Billy Corgan didn’t require any warming up in an interview last week at the Roosevelt Hotel in Hollywood.
“I’m on fire,” the Smashing Pumpkins frontman said as he took a seat by the pool, just hours after flying in from New York, where he’d spent a few days hyping his band’s new album, “Monuments to an Elegy.”
Corgan, 47, had come to L.A. for more promotion, including a performance on “Jimmy Kimmel Live” and a concert scheduled for Tuesday night at the Fonda Theatre. But the urgency radiating off him wasn’t merely the byproduct of a busy schedule. He had the tumult of the music industry -- and Smashing Pumpkins’ position in it -- on his mind too.
You’ve done the album-rollout thing so many times over the last 25 years -- with Smashing Pumpkins, with other bands, as a solo act. Is the experience anything more than a routine to you now?
It’s pretty much going as I figured. But there’s the intellectual part -- “It’s probably going to be like this, and I’m going to be in this position and have to fight my way out of this corner” -- and then there’s actually going through it. And that’s always so much more intense than your intellectual mind wants you to believe.
What’s the corner you’re fighting your way out of?
I think we’re in a culture war: the haves and the have-nots, the idiots and the people with some sensorial heart about the world. We’re in a dumbing-down of America and we’re in a brightening-up of America as people form their own systems, and then the rest of them just want to dig a little deeper into Middle-earth. It reminds me of the early days of that transitional culture of ’80s hair metal into grunge.
And this time hair metal is...?
Pop. It’s a numbers game. If you look at it on a microcosmic [level], a pop artist sells a lot more than my band or some other band. But if you look at it on a macro, music culture is so diminished. The numbers are so low. And everybody runs around like it’s the same, including people in this town. They’re still fronting like they know what they’re doing. Nobody knows what they’re doing! Meanwhile, up in San Fran, they’re making gazillions, making new models. And we’re here still twiddling our thumbs over who said this and who did that.
Your point is that music matters less than it did when Smashing Pumpkins began putting out records in the early ’90s.
We’re in a vacuum, is my point. Pick your year: ’86, ’71. The album release does not mean what it used to mean. It’s a cultural yawn.
Is the music important to you while you’re making it?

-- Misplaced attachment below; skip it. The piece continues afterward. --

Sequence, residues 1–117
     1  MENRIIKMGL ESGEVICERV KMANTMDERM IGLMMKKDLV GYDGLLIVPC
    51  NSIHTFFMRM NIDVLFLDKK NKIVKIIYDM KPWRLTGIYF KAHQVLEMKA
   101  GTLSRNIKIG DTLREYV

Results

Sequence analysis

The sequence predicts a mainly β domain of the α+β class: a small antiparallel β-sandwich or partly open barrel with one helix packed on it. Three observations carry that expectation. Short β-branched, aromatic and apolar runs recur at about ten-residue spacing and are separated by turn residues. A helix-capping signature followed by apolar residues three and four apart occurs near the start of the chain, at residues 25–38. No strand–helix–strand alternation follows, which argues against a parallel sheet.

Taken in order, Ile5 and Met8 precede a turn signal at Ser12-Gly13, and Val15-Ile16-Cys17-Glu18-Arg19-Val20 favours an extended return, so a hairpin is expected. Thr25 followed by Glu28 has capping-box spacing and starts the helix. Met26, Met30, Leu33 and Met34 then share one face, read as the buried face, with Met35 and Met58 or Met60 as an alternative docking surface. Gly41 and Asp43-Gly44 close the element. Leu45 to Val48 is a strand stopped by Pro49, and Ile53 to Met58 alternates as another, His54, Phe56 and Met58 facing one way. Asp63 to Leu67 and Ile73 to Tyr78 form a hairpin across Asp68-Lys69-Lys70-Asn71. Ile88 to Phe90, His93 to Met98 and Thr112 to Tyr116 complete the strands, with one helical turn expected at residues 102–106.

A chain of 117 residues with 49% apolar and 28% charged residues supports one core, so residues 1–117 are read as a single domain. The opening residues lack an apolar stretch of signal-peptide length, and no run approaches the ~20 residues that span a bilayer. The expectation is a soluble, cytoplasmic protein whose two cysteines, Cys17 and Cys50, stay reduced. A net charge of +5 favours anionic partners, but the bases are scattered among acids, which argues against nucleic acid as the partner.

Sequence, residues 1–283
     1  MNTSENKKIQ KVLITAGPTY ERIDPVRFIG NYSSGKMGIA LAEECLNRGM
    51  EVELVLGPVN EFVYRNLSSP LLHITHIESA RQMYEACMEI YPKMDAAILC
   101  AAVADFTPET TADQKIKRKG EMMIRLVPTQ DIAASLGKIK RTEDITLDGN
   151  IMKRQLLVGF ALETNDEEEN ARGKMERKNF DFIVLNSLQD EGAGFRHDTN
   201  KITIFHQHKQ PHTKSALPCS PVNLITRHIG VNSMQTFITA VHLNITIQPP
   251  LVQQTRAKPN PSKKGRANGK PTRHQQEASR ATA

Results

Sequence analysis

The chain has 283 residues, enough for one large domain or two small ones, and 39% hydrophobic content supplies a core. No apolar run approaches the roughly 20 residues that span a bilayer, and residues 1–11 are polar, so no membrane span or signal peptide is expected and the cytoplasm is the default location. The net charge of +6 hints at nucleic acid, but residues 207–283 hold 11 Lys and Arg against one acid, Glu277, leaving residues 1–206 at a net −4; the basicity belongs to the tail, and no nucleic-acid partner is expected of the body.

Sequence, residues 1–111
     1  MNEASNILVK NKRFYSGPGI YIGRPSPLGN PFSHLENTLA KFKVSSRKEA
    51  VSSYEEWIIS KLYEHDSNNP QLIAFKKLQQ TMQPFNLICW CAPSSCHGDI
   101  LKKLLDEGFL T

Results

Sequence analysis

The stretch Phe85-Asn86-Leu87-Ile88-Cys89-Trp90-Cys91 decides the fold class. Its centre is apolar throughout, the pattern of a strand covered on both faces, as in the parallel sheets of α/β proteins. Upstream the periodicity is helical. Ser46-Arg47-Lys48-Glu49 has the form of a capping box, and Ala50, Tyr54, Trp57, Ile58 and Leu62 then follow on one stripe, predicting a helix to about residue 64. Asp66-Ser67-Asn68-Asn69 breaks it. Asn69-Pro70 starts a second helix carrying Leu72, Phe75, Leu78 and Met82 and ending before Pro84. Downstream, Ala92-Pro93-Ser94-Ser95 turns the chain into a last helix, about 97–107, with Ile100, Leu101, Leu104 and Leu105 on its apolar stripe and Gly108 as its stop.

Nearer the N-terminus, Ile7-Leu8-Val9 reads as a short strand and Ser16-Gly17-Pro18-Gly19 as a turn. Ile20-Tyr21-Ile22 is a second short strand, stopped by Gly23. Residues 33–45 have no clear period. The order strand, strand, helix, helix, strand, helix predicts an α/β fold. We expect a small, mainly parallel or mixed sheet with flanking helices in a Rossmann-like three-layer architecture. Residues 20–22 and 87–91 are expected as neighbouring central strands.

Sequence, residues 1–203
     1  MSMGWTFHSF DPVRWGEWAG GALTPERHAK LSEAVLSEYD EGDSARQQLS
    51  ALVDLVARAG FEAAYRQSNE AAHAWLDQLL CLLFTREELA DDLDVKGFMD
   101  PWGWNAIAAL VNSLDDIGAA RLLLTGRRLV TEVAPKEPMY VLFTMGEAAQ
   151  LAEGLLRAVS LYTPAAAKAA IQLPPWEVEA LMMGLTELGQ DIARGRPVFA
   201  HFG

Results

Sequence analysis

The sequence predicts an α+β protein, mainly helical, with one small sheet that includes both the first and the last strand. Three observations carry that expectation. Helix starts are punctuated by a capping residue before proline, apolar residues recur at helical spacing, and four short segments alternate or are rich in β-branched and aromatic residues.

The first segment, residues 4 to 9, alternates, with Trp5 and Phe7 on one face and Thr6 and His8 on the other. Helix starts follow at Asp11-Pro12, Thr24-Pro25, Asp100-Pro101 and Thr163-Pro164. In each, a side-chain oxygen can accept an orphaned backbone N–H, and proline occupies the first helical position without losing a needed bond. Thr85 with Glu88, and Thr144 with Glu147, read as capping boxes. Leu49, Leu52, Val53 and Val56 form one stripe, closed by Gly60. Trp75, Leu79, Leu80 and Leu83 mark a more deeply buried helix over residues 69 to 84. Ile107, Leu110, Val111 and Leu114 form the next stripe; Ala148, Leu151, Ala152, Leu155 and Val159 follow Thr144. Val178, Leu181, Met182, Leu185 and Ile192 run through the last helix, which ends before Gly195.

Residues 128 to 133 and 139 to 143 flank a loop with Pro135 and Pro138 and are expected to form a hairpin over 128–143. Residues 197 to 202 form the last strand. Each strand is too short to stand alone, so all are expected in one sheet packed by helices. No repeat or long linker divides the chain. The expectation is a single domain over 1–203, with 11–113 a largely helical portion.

It’s very difficult to feel like it’s important. I feel like somebody with vaudevillian skills facing the advent of the movie business. Somebody’s going, “Hey, look, it’s really good that you can do that trick with the dog, but it doesn’t really mean anything anymore.”
So why continue? You’ve got other stuff going on, including a teahouse in suburban Chicago and a new musical that recently premiered.
I’m plotting. I feel like I started something, a conversation, when I brought the band back in 2006, and I want to finish that conversation. I don’t want to look back in 20 years and say, “Why didn’t you finish?” So I feel like one more record -- the one after this one -- that’ll be the end of the conversation.
“Monuments” is surprisingly upbeat, given your rather bleak view of the world. How’d these buoyant themes and catchy choruses happen?
Because I told myself to make this record in exchange for making the other record. So it’s like this is the be-nice record and the other is the be-not-nice record. And it’s actually shaping up that way, although the original version of the be-not-nice record was kind of prettier and darker -- more like “Adore.” But as I go through this process, the be-not-nice is becoming be-really-not-nice. I’m totally ready to go there now.
Is it hard to focus for the moment on “Monuments”?
No, it’s fine. Records are like a Shakespeare play -- it is what it is. You inhabit the space, and then when it’s done, it’s done. That’s the best way I can describe it. It’s a character or a mode. So when I’m in “Monuments” mode, I think a certain way, I feel a certain way, I move a certain way. It only stops working when it’s stale, and it’s not stale to me. You know, you think the smallest conversation is insignificant. And then you look back and you go, “That was actually the most important conversation.”
It’s a pivot point.
“Monuments” is the pivot point. It’s like I had to prove to myself I could juggle 14 balls to go, “I don’t need to do that anymore.” “Monuments” is the end of that guy, the end of that trained monkey, the end of the rat in the cage. It’s over. Done. Goodbye.
I suspect you’ve said that before.
Not like this.